The workshop: a springboard towards more global
    thinking 119
    Getting the guests to talk and share their points of view 120
    Global problems and how they are linked 121
    A new impetus 121
    Village involvement and consensus-building 122
    Conflicts over land distribution 123
    The technical officer's logic vs. the farmer's logic 125
    A system of credit grows out of the grain bank 126
    Women and the grain markets 127
    Is transparency always desirable? 128
    Formal criteria or unwritten rules? 130
    Discovering indigenous knowledge 130
    8 Beyond building a dam 133
    The dynamism of the smaller villages 134
    The village's negotiating and organizational skills 134
    An experience which shaped Enda's thinking 136
    Market gardening in the wadi 137
    Two sites, two dams 139
    'The land belongs to everyone' 'How can we be sure of that?' 140
    Following the footsteps of KMF 141
    North/South collaboration, or learning to work together 142
    Traditional organization vs. business logic 142
    Words of reassurance 145
    Alarming divergences 146
    A complex social landscape 149
    Dispelling doubts 150
    Settling scores 151
    Strategies determined by status within the group 152
    Local social rules 153
    Rescheduling and calling in the authorities 154
    Learning more about the actors' unspoken thoughts 156
    Starting again 157
    It looked promising . . . 160
    . . . and yet nothing changed 160
    Hidden costs 161
    The authorities take a stance 162
    Legal solutions are not always effective 163
    Back to square one 164
    Warnings and threats 165
    Negotiation and forecasting 166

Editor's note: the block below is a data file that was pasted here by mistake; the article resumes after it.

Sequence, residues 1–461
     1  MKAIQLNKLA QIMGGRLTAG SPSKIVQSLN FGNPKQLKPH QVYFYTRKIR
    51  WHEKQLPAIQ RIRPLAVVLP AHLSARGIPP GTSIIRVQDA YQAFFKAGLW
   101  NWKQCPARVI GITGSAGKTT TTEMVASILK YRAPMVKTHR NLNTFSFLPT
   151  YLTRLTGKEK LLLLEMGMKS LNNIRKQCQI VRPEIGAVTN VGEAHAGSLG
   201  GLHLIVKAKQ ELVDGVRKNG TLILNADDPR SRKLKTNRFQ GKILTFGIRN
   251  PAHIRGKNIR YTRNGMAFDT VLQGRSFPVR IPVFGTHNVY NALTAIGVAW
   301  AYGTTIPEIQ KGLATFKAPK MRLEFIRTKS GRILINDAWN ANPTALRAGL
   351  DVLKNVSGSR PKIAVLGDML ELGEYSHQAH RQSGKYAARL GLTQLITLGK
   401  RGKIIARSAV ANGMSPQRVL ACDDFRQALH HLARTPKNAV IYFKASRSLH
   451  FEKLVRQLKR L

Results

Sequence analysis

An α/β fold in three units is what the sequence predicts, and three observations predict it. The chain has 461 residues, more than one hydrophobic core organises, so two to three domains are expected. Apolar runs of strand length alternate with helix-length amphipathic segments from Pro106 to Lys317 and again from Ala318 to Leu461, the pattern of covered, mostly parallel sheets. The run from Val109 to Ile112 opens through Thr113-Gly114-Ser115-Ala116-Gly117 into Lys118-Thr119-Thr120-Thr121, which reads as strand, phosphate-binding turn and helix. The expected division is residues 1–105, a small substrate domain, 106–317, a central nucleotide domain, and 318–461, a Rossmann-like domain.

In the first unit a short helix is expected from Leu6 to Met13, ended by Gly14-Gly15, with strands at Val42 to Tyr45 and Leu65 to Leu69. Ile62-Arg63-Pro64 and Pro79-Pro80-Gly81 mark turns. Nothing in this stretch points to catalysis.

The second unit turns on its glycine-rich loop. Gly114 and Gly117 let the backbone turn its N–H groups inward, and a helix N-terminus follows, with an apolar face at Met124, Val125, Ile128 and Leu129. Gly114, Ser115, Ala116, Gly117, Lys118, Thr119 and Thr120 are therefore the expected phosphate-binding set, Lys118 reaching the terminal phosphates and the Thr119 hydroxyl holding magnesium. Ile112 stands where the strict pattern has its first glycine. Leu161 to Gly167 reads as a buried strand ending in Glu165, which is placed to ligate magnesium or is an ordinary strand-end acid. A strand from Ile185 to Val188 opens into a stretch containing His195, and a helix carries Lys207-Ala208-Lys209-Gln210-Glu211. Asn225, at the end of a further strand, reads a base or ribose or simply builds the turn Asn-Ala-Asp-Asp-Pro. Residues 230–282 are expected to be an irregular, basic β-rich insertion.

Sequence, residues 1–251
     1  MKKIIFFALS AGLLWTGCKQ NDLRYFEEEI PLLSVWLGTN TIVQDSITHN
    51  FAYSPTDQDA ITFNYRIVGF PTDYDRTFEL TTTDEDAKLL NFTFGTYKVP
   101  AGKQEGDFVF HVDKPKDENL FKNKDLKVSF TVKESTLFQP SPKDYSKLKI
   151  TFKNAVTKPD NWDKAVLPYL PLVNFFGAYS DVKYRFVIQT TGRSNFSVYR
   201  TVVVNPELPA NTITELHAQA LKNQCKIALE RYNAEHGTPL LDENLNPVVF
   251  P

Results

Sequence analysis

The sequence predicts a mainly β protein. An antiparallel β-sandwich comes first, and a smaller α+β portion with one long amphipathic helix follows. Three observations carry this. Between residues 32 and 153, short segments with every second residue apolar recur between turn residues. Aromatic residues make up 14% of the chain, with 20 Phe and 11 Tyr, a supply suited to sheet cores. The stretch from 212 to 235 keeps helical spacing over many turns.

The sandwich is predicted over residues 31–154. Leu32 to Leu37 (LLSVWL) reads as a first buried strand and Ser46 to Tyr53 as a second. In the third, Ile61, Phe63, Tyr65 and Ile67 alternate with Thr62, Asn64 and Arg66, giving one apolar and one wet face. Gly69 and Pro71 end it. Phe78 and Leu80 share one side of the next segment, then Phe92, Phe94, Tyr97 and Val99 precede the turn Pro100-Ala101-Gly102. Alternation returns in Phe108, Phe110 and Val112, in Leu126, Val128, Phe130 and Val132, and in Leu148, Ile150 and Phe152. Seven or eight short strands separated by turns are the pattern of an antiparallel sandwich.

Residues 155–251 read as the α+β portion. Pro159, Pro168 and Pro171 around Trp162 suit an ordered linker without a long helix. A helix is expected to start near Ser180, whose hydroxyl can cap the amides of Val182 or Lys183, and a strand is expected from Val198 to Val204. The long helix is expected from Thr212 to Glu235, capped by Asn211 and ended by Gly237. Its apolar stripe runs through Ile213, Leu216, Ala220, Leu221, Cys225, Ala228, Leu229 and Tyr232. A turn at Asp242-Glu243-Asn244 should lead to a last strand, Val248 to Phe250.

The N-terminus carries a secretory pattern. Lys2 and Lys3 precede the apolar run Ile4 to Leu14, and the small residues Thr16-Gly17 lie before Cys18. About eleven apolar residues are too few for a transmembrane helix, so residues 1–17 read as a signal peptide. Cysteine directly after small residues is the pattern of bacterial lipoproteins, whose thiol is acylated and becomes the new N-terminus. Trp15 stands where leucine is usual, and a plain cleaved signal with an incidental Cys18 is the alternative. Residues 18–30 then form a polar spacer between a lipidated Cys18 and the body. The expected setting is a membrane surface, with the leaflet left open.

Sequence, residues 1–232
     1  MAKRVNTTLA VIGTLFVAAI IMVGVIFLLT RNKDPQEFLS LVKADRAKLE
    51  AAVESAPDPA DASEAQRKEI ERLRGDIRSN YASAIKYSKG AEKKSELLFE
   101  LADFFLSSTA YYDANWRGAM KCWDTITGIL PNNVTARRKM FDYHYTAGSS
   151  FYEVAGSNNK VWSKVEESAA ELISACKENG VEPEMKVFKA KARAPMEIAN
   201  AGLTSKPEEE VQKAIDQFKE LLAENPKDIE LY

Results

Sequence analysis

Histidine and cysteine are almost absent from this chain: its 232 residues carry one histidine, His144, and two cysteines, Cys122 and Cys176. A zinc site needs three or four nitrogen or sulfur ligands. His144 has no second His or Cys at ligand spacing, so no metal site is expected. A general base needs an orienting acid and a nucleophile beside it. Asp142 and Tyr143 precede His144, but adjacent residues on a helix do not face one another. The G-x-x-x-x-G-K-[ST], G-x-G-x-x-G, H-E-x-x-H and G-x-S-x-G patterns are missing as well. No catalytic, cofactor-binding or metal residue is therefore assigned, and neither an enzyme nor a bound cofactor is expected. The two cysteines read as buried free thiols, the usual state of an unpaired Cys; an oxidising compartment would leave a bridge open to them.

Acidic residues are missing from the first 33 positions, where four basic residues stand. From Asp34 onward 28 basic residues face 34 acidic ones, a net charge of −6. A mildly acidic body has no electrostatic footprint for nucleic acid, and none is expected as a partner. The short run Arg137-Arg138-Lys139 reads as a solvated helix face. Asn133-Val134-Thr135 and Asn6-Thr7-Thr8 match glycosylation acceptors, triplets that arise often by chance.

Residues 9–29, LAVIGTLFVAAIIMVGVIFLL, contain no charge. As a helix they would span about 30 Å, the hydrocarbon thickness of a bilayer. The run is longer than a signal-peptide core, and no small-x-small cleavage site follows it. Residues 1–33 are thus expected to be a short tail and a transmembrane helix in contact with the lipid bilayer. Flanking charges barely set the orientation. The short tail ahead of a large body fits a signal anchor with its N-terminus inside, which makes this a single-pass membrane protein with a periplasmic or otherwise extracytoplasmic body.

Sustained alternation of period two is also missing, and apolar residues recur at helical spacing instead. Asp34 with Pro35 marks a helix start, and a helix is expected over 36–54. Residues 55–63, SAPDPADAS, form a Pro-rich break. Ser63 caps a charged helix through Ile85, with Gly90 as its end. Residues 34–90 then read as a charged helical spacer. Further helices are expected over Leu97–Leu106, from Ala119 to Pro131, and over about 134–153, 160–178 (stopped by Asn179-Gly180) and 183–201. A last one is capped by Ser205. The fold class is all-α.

The diversity of interest groups 169
    New communications for a new structure 173
    Looking at things from a different perspective 173
    The 'fruits' of the cassava 174
    Initiatives and self-reliance 174
    Village programmes and village funds 176
    9 The actors 178
    Projects are about interaction 178
    The project produces and divides the actors 178
    Three processes by which projects produce actors 180
    Versatile actors and shifting social divisions 182
    Landmark conclusions 183
    10 Relational frameworks 185
    Relational networks as a strategic resource 185
    The positioning of external actors 187
    Relational networks and the actors' room for manoeuvre 188
    Relational networks and communication 189
    Landmark conclusions 189
    11 Interaction . 191
    Confrontation of world-views 191
    Value systems and systems of reference 192
    The internal world of the Support Organization 193
    Who am I? What am I doing here? The anxiety of the
    fieldworker 198
    The interplay of supply and demand 199
    The villagers' myths about NGOs 200
    Landmark conclusions 201
    12 Learning processes 203
    Learning on all fronts and letting go of certainties 203
    Failure, unforeseen events and confrontation: the ingredients
    of the learning process 207
    Seizing learning opportunities 209
    Landmark conclusions 210
    13 Creative uncertainties 212
    Complication, diversification 213
    Managing uncertainty — reverse planning 216
    Landmark conclusions 216
    14 Research-Action-Learning 218
    The project as a research process 218
    Pointers for managing interaction 225
    15 Conclusion 232
  • Details
    Sub Title No
    Author Emmanuel Ndione
    Editor No
    Number of Pages 256
    Format Paperback / softback